National Academy of Medicine Report Emphasizes Importance of Removal of Barriers for CRNAs

A new report from the National Academy of Medicine (NAM) prioritizes several opportunities in the nursing profession for eliminating healthcare disparities, including the permanent removal of barriers to nursing care that were enacted in response to the COVID-19 pandemic, and other key initiatives of the American Association of Nurse Anesthetists (AANA).

Third in a series of reports, the Future of Nursing Report 2020–2030 also calls for allowing nurses to practice to the full extent of their education and training as well as ensuring that they are able to bill for those services.

The report examined how nurses responded during the COVID-19 pandemic, especially with the federal suspension of physician supervision requirements for Certified Registered Nurse Anesthetists (CRNAs) and other advanced practice nurses to allow them to work at the top of their education. The report calls for these changes to become permanent by 2022.

According to NAM, lifting nurse practice barriers is necessary to advance health equity. Allowing advanced practice registered nurses to prescribe medication, diagnose patients, and provide treatment independent of a physician, would significantly increase access to care, especially in underserved and rural communities.

“Nurses do most of their demanding work out of the public eye, particularly advanced practice registered nurses like CRNAs whom patients generally only see when they need surgery,” AANA President Steven M. Sertich, CRNA, MAE, JD, Esquire said. “However, CRNAs are often the sole anesthesia provider in medically underserved rural and urban areas, ensuring important local access to surgical, obstetrics, and other care in those communities.”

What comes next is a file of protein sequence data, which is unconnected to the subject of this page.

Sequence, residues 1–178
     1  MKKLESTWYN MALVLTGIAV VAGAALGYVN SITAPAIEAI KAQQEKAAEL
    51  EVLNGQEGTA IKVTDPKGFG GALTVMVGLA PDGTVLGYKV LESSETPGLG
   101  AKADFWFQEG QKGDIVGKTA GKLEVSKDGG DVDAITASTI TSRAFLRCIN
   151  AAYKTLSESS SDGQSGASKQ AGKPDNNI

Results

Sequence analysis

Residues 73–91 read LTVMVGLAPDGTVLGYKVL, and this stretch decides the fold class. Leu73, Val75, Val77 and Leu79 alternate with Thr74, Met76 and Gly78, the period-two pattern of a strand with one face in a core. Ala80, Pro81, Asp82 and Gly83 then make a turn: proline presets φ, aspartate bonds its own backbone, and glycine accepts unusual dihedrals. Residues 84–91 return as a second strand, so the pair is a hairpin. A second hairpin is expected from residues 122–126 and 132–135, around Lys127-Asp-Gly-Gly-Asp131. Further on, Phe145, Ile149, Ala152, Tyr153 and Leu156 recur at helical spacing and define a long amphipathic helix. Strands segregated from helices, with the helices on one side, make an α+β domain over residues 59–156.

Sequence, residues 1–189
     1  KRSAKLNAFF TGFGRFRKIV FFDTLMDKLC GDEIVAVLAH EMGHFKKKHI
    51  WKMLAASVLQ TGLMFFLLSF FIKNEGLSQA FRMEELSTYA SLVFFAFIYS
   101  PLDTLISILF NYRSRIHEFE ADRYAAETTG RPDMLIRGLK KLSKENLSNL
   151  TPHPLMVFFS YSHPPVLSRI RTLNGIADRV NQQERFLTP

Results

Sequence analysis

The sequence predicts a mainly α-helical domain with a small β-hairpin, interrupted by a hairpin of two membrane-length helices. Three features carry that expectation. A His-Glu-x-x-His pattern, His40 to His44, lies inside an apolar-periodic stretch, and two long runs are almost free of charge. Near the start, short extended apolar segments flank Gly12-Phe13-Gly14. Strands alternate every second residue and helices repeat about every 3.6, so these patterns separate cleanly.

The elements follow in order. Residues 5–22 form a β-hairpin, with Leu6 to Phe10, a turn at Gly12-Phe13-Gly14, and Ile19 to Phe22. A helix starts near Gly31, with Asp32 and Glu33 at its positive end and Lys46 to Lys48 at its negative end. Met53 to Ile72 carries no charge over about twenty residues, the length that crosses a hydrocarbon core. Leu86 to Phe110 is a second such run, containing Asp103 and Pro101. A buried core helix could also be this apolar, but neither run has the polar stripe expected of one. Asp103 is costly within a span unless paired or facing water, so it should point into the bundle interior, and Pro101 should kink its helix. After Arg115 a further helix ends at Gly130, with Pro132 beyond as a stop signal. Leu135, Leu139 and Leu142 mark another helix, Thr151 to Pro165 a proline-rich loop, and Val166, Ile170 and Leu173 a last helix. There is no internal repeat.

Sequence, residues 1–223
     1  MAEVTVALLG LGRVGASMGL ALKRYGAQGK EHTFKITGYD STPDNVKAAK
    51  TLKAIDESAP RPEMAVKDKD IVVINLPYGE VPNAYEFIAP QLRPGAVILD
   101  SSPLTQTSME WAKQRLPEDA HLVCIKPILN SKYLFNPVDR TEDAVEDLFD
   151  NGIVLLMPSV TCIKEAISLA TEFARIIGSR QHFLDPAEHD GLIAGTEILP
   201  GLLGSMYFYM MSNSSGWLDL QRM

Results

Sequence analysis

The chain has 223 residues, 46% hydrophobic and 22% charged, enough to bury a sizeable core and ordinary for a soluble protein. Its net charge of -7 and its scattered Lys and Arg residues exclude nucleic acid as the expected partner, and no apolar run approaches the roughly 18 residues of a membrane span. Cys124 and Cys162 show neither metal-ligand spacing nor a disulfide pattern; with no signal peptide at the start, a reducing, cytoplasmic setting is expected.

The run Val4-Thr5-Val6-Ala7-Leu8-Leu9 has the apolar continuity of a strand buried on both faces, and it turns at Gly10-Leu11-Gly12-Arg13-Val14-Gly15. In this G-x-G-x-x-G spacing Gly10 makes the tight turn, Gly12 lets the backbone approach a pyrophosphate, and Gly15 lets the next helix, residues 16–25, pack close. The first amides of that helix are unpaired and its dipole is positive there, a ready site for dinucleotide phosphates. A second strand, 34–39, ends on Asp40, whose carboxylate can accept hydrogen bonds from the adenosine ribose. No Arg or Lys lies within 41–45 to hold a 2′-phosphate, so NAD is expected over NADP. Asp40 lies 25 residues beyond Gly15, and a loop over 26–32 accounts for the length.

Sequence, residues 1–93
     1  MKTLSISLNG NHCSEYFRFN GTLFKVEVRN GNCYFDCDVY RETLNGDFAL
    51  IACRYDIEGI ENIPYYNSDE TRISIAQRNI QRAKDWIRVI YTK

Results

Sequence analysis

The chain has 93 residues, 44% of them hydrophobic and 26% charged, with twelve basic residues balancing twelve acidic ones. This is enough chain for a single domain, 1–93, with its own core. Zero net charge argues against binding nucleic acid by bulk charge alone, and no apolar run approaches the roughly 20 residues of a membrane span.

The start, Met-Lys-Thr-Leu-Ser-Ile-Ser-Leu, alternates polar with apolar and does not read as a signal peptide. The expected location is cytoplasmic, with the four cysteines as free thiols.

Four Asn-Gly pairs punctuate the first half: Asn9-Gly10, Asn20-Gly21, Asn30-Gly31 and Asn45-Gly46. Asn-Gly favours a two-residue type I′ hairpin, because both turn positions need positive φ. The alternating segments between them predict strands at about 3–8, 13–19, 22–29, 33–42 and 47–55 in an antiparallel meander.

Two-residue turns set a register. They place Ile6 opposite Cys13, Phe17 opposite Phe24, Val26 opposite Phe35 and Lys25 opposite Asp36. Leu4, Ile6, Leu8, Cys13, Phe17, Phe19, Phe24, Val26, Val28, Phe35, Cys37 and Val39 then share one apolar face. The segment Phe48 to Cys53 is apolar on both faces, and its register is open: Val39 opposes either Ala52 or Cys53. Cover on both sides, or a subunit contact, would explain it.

Ensuring a diverse nursing workforce with the knowledge and skills to address social determinates of health (SDOH) is also a key opportunity for the future nurse workforce.

“Nurses see firsthand the results of racism and inequality, poverty, violence, substance abuse, unequal education, and inadequate mental healthcare,” President Sertich said. “When it comes to tackling these issues, nurses bring intimate knowledge and problem-solving experience, as well as the will and dedication to serve their country and fellow citizens.”

Advanced practice nurses such as CRNAs are members of one of the most trusted professions according to Gallup. CRNAs provide anesthesia care across all settings and in all patient populations and are the primary anesthesia providers in rural and underserved areas and on the battlefield in forward surgical teams.

(Press release provided by AANA)